Vegan Leather May Be The Most Toxic Thing In Your Closet

Vegan leather is the newest alternative to artificial leather. From shoes, to jackets, to purses, vegan leather is everywhere. But is it really a good alternative? Your about to find out the hard truth about vegan leather and what it’s really made of. What you decide to do with this information is up to you, but we hope you decide to use it wisely.



What is Vegan Leather Made Of?

The most commonly used materials for synthetic leathers are polyvinyl chloride (PVC) and polyurethane (PU), which are plastic based materials. Another term for fake leather is “pleather” which comes from the term plastic leather. These two commonly used synthetic materials have raised questions about the safety and dangers of vegan leather to the environment. Very few vegan leathers are actually made from natural materials (about ten percent).

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Is Vegan Leather Ethical? No. Here’s Why:

Although PVC is in much less use than it was in the 1960’s and 70’s, it can still be found in a majority of vegan leather. PVC releases dioxins, which are potentially dangerous in confined spaces and especially dangerous if burnt. It also uses chemicals to make it softer and more flexible. Depending on the type of phthalate used, they are extremely toxic. It has been described by Greenpeace as the “single most environmentally damaging type of plastic”.
The more modern and slightly less damaging plastic is PU (polyurethane), which is currently being technically developed to reduce its flaws, such as the hazardous toxins it releases during manufacturing, and the oil based polymers it’s made with which benefit fossil fuels.
The manufacture of synthetic leather is not beneficial to the environment or humans because of the toxins in the plastics used to make them. The PVC-based synthetics let out hazardous dioxins, which can cause developmental and reproductive issues and even cause cancer. The synthetics used in vegan leathers also do not fully biodegrade, and they can also release toxic particles, which can affect the health of animals and the environment.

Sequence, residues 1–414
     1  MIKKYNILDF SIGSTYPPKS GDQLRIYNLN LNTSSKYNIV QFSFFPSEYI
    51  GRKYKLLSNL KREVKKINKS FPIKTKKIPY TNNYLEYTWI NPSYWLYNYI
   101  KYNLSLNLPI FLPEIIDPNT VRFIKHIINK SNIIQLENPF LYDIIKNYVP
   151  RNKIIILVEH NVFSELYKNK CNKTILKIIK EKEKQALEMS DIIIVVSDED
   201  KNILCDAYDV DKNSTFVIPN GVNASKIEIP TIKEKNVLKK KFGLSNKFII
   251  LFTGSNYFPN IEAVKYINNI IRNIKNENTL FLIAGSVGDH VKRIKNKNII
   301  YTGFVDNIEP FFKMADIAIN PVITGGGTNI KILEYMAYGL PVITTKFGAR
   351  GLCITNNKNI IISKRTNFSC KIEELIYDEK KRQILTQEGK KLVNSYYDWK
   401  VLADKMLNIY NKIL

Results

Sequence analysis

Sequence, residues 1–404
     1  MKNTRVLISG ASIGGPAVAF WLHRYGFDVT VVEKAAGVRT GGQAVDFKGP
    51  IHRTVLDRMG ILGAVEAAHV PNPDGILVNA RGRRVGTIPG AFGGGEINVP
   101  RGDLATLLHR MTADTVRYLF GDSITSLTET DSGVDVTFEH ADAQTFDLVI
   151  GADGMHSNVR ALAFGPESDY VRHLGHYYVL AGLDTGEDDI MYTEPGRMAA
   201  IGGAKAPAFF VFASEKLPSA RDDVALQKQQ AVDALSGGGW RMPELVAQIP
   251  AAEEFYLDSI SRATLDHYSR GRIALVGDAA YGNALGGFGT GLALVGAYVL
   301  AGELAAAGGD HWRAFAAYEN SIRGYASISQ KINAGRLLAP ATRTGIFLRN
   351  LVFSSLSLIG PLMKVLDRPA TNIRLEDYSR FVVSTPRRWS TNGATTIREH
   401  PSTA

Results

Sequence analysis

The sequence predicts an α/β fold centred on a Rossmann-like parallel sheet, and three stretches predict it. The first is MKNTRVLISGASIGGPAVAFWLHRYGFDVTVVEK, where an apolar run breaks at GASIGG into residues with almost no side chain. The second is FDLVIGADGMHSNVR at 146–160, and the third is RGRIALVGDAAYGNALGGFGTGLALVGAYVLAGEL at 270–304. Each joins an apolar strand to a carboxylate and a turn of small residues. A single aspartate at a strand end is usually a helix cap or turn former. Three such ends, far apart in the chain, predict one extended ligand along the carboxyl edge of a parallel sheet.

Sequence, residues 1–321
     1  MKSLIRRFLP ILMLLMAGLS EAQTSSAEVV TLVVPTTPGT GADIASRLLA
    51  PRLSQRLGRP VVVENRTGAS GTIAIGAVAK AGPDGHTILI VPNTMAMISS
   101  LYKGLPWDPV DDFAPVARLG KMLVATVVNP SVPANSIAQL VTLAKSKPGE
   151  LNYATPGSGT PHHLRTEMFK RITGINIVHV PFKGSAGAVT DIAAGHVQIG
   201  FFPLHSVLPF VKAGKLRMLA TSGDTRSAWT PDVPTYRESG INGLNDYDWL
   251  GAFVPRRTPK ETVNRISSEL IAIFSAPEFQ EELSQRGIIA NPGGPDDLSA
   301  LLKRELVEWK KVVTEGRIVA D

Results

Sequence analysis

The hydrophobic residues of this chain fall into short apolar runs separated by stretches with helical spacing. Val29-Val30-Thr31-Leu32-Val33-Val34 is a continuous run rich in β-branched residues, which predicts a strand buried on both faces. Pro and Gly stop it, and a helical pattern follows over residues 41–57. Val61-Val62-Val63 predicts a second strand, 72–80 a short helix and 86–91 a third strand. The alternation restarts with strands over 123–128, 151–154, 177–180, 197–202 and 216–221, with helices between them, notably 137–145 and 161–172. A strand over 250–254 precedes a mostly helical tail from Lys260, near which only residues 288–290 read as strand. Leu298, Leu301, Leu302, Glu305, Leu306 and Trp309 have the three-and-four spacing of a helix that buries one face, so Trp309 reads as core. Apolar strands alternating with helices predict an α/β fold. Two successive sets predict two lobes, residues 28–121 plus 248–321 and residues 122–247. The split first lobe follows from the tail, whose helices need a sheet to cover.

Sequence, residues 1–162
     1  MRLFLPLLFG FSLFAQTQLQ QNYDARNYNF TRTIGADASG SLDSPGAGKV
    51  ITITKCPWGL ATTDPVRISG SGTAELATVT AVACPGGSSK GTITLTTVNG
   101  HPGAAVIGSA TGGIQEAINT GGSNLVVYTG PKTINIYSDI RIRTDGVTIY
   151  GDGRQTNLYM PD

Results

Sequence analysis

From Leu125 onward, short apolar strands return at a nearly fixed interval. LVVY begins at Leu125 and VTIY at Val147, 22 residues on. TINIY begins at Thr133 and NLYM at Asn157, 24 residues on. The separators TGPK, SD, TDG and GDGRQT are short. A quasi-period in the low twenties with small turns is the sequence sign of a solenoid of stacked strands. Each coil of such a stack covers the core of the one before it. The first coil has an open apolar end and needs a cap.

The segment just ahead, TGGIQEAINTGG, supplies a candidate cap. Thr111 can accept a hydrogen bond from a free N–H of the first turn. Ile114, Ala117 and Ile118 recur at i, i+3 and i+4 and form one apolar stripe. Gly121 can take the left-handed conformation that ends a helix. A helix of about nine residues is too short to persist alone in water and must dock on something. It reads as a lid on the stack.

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 So What Happens When You Wash Your Clothes?

“Not many people know that lots of our clothes are made of plastic,” says Imogen Napper, a PhD student at Plymouth University. Ms. Napper studies marine micro plastics. In a recent lab study, she found that polyester and acrylic clothing shed thousands of plastic fibres each time it’s washed- sending another source of plastic pollution down the drain and then into the ocean. “They’re going down the drain, so they are making their way into the sewage treatment works and maybe, from there, into the marine environment.” With that being said washing clothes could be a significant source of plastic microfibers in the ocean. 
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What Is The Alternative To Vegan Leather?

In all honesty, the best solution to Vegan Leather is to simply not wear any Leather at all. If you still want to invest in leather, we highly recommend Desserto’s Cactus Leather, this is a company founded by two brothers who have created leather through nopal cactus leaves. Their invention could be revolutionary in the vegan leather industry, as it is making vegan leather more sustainable. Also, Stella McCartney who is now beginning to invest in lab grown leather, which means they use yeast bacteria which grows collagen that is then assembled into a fibrous material. However, there are also plenty of clothes out there that are less harmful for the environment (that are not leather) and are your best bet for eco-friendly and reusable clothing materials:
  • Linen. Easy to make and can be composted or recycled into paper, lasts for a very long time. 

  • Hemp. Hemp doesn’t need much fertilizer or pesticides and is derived from plants.   

  • Organic Cotton. Grown without harmful chemicals and uses far less water to grow.

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** Food for thought: At the end of the day only buy clothes that you NEED and try washing clothes only when you need to as well. This way you will save water, prevent extra chemicals from going down the drain, and help the environment and the ocean continue to stay healthy and thrive to the best of your ability. Additionally you can look into thrift shopping for natural leather or even looking into vintage leather, as these products have already been made and the money you pay for them does not go into the companies that make leather. 


After reading our post, what’s your opinion on vegan leather? Let us know in the comments below!

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